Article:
Exercising in hot weather puts extra stress on your body. Both the exercise and the outside temperature increase your core body temperature. To help cool itself, your body sends more blood to circulate through your skin. This leaves less blood for your muscles, which then increases your heart rate. If the humidity is high, your body has additional stress because sweat doesn’t readily evaporate from your skin. That pushes your body temperature even higher.
Under normal conditions, your skin, blood vessels and perspiration level adjust to the heat. But these natural cooling systems may fail if you’re exposed to high temperatures and humidity for too long, you sweat heavily and you don’t drink enough fluids. Heat illnesses include:
- Heat cramps. Heat cramps are painful muscle contractions, mainly affecting the calves, quadriceps (front of your thighs) and abdominals. Affected muscles may feel firm to the touch. Your body temperature may be normal.
- Heat exhaustion. With heat exhaustion, your body temperature rises as high as 104 F, and you may experience nausea, vomiting, headache, fainting, weakness and cold, clammy skin. If left untreated, this can lead to heatstroke.
- Heatstroke. Heatstroke is a life-threatening emergency condition that occurs when your body temperature is greater than 104 F. Your skin may be hot, but your body may stop sweating to help cool itself. You may develop confusion and irritability. You need immediate medical attention to prevent brain damage, organ failure or even death.
During hot-weather exercise, watch for signs and symptoms of heat-related illness.
- Muscle cramps
- Nausea or vomiting
How to avoid heat-related illnesses
- Watch the temperature. Pay attention to weather forecasts and heat alerts
- Get acclimated. If you’re used to exercising indoors or in cooler weather, take it easy at first when you exercise in the heat. As your body adapts to the heat over the course of one to two weeks, gradually increase the length and intensity of your workouts.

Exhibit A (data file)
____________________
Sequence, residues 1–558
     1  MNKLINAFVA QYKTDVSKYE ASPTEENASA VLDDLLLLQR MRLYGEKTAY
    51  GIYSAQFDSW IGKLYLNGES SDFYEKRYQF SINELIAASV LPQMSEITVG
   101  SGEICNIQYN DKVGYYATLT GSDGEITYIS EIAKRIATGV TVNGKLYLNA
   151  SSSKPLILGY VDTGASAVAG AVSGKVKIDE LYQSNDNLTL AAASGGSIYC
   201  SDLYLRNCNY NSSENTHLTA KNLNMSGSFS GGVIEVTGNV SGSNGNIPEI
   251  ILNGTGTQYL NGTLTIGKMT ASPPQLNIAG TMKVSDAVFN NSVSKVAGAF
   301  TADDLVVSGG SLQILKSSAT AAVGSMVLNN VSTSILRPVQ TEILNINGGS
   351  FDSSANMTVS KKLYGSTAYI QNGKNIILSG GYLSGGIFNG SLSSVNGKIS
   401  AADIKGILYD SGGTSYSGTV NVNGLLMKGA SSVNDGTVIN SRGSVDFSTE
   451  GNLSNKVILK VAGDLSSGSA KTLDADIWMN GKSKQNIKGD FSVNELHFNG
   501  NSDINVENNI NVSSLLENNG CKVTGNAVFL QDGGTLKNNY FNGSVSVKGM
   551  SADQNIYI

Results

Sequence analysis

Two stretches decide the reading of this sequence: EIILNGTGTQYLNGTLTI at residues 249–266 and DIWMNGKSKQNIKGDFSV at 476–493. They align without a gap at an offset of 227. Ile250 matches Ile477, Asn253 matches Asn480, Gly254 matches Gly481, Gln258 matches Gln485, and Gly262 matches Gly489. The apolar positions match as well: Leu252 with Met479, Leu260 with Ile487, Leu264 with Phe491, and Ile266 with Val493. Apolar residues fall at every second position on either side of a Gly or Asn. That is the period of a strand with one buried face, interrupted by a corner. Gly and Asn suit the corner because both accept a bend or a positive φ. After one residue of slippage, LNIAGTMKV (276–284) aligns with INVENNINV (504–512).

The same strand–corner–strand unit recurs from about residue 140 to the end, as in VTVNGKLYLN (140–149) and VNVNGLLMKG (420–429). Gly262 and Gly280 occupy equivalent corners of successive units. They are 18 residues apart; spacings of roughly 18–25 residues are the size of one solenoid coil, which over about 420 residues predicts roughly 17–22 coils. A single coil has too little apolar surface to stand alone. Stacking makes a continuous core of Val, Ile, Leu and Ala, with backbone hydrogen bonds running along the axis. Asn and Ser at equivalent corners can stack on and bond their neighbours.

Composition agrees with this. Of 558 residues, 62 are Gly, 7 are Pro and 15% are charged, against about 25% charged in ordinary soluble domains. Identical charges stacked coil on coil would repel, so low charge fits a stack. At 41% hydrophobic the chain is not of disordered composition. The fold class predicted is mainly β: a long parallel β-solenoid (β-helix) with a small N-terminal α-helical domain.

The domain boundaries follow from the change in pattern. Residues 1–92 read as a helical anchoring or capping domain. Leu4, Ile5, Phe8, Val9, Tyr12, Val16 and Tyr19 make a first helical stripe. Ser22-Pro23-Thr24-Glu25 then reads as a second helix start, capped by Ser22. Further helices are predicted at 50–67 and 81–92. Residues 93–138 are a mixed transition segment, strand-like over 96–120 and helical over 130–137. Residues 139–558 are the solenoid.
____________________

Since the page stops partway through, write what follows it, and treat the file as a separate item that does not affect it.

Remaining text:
- Know your fitness level. If you’re unfit or new to exercise, be extra cautious when working out in the heat. Your body may have a lower tolerance to the heat. Reduce your exercise intensity and take frequent breaks.
- Drink plenty of fluids. Dehydration is a key factor in heat illness. Help your body sweat and cool down by staying well hydrated with water. Don’t wait until you’re thirsty. If you plan to exercise intensely or for longer than one hour, consider a sports drink instead of water.
- Dress appropriately. Lightweight, loose fitting clothing helps sweat evaporate and keeps you cooler. Avoid dark colors, which can absorb heat. If possible, wear a light-colored, wide-brimmed hat.
- Avoid midday sun. Exercise in the morning or evening, when it’s likely to be cooler outdoors. If possible, exercise in shady areas — or do a water workout in a pool.
- Wear sunscreen. Sunburn decreases your body’s ability to cool itself.
- Have a backup plan. If you’re concerned about the heat or humidity, stay indoors. Work out at the gym, walk laps inside the mall or climb stairs inside an air-conditioned building.
- Understand your medical risks. Certain medical conditions or medications can increase your risk of a heat related illness. If you plan to exercise in the heat, talk to your doctor about precautions.
By: Janet Hunt